Conference discusses “pet overpopulation”

Experts target the “disease of euthanasia”


Recently Gary Patronek VMD, PhD, stood in front of 200 purebred dog rescue advocates in Ann Arbor, Michigan, and said that “pet overpopulation” is a meaningless term.

Patronek, acting director of the Center for Animals and Public Policy at Tufts University School of Veterinary Medicine, said that rather than focusing on “overpopulation,” evidence shows that shelters and rescuers would do better to target the “disease of euthanasia” — which may be responsible for 30 percent of all canine deaths.

The occasion was the annual rescue conference of the Michigan Purebred Dog Rescue Alliance. During his talk Patronek praised the success of efforts to reduce numbers — shelter deaths are down to five or six million animals, he said, sterilization of pets has reached 63 percent of all dogs and 80 percent of all owned cats and shelter intakes are down. He also presented studies to define the extent of the current problem in various areas and to suggest strategies for intervention to save animals in the future.

But “pet overpopulation” has taken on a life of its own. The term has gained wide acceptance because it has been used to define the killing of healthy and adoptable dogs and cats in animal shelters first by national organizations and then by local shelters and animal welfare advocates throughout the country. Patronek said that the reluctance to shift from an emphasis on alleged “overpopulation” to a multi-faceted strategy to prevent shelter euthanasia is based on several factors, including:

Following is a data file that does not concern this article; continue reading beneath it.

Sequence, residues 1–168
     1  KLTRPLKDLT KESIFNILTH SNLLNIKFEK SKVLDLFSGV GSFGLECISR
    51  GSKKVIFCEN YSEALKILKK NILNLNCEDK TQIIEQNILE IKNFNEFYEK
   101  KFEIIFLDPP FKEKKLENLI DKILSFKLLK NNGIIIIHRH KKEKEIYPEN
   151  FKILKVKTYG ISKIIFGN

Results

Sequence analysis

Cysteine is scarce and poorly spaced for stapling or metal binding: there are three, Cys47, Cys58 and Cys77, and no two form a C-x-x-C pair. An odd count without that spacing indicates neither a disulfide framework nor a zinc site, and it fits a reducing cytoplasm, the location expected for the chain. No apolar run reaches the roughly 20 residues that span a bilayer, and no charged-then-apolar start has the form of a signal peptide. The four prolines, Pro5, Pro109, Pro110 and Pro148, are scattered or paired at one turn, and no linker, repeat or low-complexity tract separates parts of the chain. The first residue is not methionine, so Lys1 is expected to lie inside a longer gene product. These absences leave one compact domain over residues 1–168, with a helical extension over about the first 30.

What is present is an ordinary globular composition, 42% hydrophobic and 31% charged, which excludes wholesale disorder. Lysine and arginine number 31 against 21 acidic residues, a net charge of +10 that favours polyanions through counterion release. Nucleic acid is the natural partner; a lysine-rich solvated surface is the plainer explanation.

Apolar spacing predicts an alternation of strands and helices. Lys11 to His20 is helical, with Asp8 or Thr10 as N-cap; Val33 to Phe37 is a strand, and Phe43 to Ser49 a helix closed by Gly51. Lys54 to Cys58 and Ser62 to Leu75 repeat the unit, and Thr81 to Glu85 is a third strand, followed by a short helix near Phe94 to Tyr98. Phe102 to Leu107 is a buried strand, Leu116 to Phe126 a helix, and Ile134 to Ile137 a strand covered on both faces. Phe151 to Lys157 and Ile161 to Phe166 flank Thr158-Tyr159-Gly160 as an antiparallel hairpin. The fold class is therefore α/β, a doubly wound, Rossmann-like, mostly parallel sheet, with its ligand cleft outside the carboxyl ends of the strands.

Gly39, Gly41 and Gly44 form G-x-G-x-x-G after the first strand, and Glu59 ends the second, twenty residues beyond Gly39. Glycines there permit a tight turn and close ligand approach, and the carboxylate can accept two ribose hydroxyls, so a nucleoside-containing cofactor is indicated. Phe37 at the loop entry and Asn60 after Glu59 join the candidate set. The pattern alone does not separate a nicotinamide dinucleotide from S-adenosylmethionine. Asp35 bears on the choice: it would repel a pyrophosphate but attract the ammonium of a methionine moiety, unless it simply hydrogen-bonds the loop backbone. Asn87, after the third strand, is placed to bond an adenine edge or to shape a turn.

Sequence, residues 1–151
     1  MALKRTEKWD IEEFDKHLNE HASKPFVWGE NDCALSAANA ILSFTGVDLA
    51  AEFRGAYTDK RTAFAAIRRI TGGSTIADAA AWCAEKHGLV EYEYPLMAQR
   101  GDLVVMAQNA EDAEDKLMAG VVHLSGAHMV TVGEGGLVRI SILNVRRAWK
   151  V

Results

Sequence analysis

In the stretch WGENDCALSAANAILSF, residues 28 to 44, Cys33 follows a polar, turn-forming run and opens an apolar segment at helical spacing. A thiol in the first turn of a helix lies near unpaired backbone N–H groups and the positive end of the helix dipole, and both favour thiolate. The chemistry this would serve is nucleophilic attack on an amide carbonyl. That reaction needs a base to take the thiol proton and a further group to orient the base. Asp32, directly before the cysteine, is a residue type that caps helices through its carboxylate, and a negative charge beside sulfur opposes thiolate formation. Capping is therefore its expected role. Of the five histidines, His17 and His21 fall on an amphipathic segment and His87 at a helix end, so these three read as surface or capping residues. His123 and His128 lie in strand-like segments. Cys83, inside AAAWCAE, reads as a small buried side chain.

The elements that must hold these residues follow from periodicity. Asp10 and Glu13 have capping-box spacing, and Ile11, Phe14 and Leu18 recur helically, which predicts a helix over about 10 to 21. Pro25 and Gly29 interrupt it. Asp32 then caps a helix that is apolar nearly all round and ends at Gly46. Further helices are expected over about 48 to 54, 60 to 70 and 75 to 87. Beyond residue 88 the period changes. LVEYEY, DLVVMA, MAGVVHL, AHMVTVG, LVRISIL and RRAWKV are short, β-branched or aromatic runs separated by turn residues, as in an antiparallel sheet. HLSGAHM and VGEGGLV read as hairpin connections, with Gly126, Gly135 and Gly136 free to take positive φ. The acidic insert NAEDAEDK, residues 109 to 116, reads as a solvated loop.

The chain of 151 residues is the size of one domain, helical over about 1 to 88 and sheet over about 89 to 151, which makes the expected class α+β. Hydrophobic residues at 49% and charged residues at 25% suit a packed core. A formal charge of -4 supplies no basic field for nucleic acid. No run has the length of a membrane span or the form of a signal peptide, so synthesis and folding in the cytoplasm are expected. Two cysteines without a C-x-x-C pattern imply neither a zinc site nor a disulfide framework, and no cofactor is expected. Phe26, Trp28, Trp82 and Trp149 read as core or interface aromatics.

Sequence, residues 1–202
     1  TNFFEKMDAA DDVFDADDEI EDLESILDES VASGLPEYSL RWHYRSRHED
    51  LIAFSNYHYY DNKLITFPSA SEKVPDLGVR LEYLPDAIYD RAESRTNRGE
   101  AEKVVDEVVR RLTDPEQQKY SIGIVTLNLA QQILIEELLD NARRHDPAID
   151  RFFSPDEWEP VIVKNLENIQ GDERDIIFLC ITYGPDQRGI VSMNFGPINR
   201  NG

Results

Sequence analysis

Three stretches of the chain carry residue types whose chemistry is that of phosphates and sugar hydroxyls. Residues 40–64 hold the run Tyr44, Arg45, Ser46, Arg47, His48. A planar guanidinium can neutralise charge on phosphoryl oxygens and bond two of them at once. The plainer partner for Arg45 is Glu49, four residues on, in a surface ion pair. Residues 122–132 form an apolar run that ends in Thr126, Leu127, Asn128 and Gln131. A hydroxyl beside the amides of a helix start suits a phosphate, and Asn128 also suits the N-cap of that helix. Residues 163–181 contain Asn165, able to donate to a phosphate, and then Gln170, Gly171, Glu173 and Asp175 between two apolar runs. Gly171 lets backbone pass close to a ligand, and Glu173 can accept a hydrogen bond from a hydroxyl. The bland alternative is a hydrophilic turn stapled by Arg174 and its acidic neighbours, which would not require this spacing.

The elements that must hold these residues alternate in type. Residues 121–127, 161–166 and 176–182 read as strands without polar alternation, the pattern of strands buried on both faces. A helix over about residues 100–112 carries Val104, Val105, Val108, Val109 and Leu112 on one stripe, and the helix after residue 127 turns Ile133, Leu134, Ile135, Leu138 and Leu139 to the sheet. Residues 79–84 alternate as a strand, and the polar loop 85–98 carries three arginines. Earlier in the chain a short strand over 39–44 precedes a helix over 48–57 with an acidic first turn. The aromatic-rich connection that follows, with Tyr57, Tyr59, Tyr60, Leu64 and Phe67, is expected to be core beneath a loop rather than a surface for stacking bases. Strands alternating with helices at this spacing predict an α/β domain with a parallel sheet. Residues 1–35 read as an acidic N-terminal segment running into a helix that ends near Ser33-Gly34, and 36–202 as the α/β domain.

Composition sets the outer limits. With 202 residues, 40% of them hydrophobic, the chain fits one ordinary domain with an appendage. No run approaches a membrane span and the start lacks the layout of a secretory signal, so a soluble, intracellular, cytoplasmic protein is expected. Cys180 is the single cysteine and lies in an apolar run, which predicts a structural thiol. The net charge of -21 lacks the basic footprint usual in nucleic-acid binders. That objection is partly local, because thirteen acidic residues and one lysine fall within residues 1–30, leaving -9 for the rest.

Patronek presented several studies that indicate that dogs are surrendered to animal shelters for a variety of reasons, most of which can be traced to a behavior problem. People who surrender their dogs for inappropriate elimination, excessive barking, aggression, destruction, and other problems often do not visit the veterinarian or take the dog to obedience classes, two actions that could keep the dog in the home. Dogs that visit veterinarians and those that attend obedience classes are far more likely to remain in their homes, he said.

Patronek's research can be interpreted to show that intervention is needed to help people buy the right breed or select the right shelter dog and train that dog so it has good manners and meets owner expectations for a pet. Purebred rescue groups and responsible breeders understand the issues and make every attempt to place the dog in a compatible home and provide training advice when necessary. Shelters are coming around to that point. Adoption outreach, counseling to help people choose an appropriate pet, cooperative efforts with rescue groups and obedience clubs, and other programs are becoming more and more common throughout the country. The San Francisco SPCA has been so successful with its adoption program and fund-raising efforts that it hosts workshops to share its expertise.

Statistics indicate that 84 percent of people who want a dog are looking for a puppy. Although adult dogs can make wonderful pets, people who want a puppy are hard to convince. Patronek's scientific approach puts a new perspective on ways to keep those puppies in their homes and to find homes for those that get displaced by changes in life circumstances.

For more information on pet population issues see:

Norma Bennett Woolf

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